5 Replies Latest reply on Feb 3, 2016 1:58 AM by Willi Adelberger

    Help!! Printing to PDF with transparency?

    bassstud09

      I have a document (8x16 spreads)  linked to PDF files, updated often through Photoshop.

       

       

      Making sure the image mode is 8 channel, the PDFs import into in design with transparency on the work space. 

       

       

      However, when attempting to print to a PDF, the transparency is flattened and replaced with a white background >:(

       

       

      The idea is to use the paper color as the background instead of printing a block of white ink. 

       

       

      Forgive me if I'm missing something obvious - I've tried different formats (png, tiff), adjusting the "transparency flatterer preset" to "high quality", and fiddling with the PDF printer driver settings.  Viewing the printed PDF in Acrobat shows a white background on a transparent document.

       

       

      Its worth noting the In-design background prints transparent (between linked images), but not the transparent parts of image/PDF files themselves.

       

       

      Please help!! 

       

       

      Dropbox link to the example files with settings:

      https://www.dropbox.com/sh/mh7pwit3amrwtw1/AABZbuCr6E7Y-0_2GWJAjQ-ta?dl=0

       

       

       

       

       

       

      Thank you for any help or ideas you can give!!

        • 1. Re: Help!! Printing to PDF with transparency?
          Willi Adelberger Most Valuable Participant

          When you create a PDF you should never use Print to PDF, nor use any kind of Postscript.

          Any PDF from InDesign should be exported, any PDF from Photoshop or Illustrator should be saved as PDF. If you exchange PDFs between these applications export or save as PDF/X-4.

           

          Printing or postscript will never support transparency, therefore don't use Distiller, Printing to PDF, PDF1.3, EPS.

          Don't place PNG or TIFF with vectors.

           

          BUT, changing the paper color will not have any effect. If you need to print a different background color other than white, you should add a layer below all layers, name it background and draw a rectangle from bleed frame guide line to bleed frame guide line in the the desired color.

          • 2. Re: Help!! Printing to PDF with transparency?
            bassstud09 Level 1

            Thank you!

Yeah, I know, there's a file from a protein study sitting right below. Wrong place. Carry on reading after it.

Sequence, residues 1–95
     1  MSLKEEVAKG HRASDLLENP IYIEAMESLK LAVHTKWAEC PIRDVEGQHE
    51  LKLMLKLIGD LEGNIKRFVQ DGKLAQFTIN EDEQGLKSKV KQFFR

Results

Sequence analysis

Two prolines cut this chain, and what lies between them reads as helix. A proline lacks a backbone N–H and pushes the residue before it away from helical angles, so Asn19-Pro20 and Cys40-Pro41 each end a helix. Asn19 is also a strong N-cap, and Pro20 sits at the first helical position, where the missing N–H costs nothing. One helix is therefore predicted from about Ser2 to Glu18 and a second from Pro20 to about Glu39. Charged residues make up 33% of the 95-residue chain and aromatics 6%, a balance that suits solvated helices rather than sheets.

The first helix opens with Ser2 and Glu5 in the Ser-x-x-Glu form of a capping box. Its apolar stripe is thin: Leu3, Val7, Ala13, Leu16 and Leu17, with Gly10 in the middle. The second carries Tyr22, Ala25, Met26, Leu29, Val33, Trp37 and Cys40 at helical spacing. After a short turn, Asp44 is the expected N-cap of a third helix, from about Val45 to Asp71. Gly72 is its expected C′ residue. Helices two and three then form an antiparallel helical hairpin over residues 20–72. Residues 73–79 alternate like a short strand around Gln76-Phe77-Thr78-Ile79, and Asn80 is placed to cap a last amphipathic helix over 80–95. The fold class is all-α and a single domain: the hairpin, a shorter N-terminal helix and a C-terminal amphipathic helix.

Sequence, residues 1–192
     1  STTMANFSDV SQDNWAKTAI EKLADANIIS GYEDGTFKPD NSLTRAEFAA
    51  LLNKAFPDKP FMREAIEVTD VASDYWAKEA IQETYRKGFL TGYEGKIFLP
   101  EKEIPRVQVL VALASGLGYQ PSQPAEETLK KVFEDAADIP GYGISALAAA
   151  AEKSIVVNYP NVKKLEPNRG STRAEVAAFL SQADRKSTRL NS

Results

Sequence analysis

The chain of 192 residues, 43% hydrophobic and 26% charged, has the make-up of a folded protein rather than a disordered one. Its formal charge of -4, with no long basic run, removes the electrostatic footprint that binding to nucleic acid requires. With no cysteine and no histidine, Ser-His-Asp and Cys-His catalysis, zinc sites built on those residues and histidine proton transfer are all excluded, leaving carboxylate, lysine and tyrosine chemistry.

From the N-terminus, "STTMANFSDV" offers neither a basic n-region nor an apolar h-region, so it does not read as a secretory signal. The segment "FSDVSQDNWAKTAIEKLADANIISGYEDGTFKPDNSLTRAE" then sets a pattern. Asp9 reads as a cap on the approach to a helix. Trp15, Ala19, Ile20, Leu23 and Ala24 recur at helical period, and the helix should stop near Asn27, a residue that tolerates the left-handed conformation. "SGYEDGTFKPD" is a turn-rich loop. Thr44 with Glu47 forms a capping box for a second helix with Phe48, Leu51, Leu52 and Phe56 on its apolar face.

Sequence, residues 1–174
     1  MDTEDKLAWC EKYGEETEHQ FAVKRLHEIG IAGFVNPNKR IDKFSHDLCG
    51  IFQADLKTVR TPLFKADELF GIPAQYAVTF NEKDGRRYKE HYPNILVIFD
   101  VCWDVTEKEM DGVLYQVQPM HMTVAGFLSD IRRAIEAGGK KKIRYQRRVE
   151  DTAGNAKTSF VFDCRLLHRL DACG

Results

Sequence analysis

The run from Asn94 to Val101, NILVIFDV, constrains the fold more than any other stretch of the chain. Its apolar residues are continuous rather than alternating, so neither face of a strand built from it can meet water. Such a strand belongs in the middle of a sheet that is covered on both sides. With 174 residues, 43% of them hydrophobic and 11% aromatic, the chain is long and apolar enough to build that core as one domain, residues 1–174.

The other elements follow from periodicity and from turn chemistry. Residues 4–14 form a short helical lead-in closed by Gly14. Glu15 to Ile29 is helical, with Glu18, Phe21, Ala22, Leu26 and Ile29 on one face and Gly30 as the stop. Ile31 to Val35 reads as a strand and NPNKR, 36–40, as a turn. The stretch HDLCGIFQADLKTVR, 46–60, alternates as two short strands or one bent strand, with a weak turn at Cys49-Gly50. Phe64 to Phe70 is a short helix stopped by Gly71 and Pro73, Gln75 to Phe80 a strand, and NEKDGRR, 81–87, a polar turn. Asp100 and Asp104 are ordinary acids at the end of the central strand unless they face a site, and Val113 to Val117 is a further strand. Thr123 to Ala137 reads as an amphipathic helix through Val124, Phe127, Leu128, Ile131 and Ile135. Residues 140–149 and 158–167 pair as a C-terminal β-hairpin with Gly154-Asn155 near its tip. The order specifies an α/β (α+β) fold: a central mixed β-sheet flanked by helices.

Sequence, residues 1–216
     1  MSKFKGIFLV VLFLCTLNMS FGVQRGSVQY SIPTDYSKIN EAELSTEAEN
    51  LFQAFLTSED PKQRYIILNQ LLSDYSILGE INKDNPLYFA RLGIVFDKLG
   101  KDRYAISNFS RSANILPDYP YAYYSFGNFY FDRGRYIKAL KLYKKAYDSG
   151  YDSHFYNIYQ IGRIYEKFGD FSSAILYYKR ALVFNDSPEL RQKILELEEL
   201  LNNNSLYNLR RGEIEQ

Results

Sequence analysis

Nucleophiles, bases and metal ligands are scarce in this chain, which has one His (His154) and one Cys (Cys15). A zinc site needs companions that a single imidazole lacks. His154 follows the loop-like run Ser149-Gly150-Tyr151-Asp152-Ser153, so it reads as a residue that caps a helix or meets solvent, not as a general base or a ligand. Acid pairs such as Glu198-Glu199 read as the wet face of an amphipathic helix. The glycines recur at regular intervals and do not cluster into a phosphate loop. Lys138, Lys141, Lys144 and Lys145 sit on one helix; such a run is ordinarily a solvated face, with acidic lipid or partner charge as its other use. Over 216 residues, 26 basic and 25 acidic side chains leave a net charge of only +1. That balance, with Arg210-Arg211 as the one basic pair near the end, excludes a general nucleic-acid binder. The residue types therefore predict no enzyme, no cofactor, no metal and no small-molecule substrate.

By chance, is there a way to export as a booklet?


            I could export as single page PDFs,then arrange them on the spreads in order for a booklet - but that seems very convoluted when I could just "print booklet".

             

            I really appreciate your help!

            • 3. Re: Help!! Printing to PDF with transparency?
              Willi Adelberger Most Valuable Participant

              Imposing should be done by the printer, not by you.

              There is a print booklet functionality which is VERY bad. Better is the print booklet functionality in Adobe Acrobat.

              • 4. Re: Help!! Printing to PDF with transparency?
                bassstud09 Level 1

                Awesome. 

                 

                To clarify: it is ideal to compose in InDesign, then export full spreads as a PDF to maintain transparency/effects while keeping a format for local printers, who should then be able to "print as booklet" directly from Acrobat.

                I really appreciate all your help! !

                • 5. Re: Help!! Printing to PDF with transparency?
                  Willi Adelberger Most Valuable Participant

                  No, you should not do any imposing at all. It is not your task, it is the printer's task.

                  You don't have neither the tools nor the know how to perform professional imposing.

                  Export the PDF as single page PDF, in one single file, don't forget to include the bleed. Bring this file to the printer.

                  Ask your printer before creating the final PDF if he has specific information, as this is always a must before the production of the final file.